Water Birds

Water Birds

The term ‘water birds’ often means birds that are ecologically dependent on water habitats in some part of their life. There are 5 families that we can divide them into:

1. Waterfowl Birds:

Swans

Photo by tamburix

There are about 150 species of waterfowl species worldwide. Ducks, geese and swans, are the most known species of this order. As a whole, waterfowl species travel a very long distances, from their breeding grounds to their wintering grounds. Once birds reach adulthood, they start to complete replacement of their feathers at least once a year. Common sources of mortality for the birds are animal predators, human predators and diseases. The life span varies from species to species but it ranges from 11 -23 years.

2. Marshbirds:

Even though they are not a good fliers, members of the rail bird species have landed and nested throughout the whole planet, even colonizing many oceanic islands. They are often secretive, feeding in primarily fresh waters. The most common bird is the marsh wren, Cistothorus palustris. Besides wren there is seaside sparrow, Ammodramus maritimus, a small bird with a yellow stripe over the eye, and Rallus longirostris, also known as a marsh hen.

3. Shorebirds:

They can be found along shores of rivers, lakes and oceans. The characteristics of all shorebirds are: long legs, bills and toes. Many species traverse more than 15,000 miles in this annual circuit. This bird family include sandpipers, oystercatchers, godwits, stilts, plovers among others. They lay 2 to 4 eggs in the nest which is made on the ground. When the youngs hatch they stay on the ground untill they learn how to fly. Both parents contribute to the raising of the young.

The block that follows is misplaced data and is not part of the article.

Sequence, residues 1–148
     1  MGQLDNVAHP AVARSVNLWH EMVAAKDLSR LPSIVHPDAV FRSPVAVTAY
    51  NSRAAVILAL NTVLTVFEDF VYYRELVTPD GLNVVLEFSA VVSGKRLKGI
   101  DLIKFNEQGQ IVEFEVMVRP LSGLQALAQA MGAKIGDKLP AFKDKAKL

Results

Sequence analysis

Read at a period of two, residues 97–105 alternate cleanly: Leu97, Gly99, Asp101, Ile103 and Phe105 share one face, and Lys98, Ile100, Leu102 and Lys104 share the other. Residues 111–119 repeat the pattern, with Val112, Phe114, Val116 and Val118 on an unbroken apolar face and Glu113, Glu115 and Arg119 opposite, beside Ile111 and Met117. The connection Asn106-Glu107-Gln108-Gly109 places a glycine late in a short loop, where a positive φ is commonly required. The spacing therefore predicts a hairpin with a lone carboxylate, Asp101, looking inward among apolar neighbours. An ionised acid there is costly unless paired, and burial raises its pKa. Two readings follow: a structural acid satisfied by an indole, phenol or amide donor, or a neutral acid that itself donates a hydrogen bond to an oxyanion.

4. Wading Birds:

Wading birds are found throughout the world on every continent except Antarctica. Principally feeding by wading in fresh or brackish waters; though more species tend to favor freshwater habitats. All wading birds have long, thin legs and long toes. Their long, agile necks have posture which may change the shape of their neck. As they are animals that enjoy being in a group they will form breeding rookeries. The examples are: Cranes, Egrets, Flamingos, Herons, Ibises, Rails, Spoonbills, Storks.. While most species of waders prefer habitats where is a lot water area some of them, like cranes, are found in areas where can be very low water amount.

5. Seabirds:

 Primarily feeding in open ocean; often colonial. The most of these bird families are pelagic( rather than staying near coastal areas or islands, they roam far out to sea). Many seabird species may spend years at sea without ever returning to land, except when they mate and raise their young. They are well adapted to life in a sea, because of their physical adaptations that gives them an ability to live out in the sea.

Video by: Jean Iron

As they have more feathers on their body than other birds, their feathers is very waterproof. The most known seabird species are: Fulmars, Skuas, Gulls, Terns and Auks.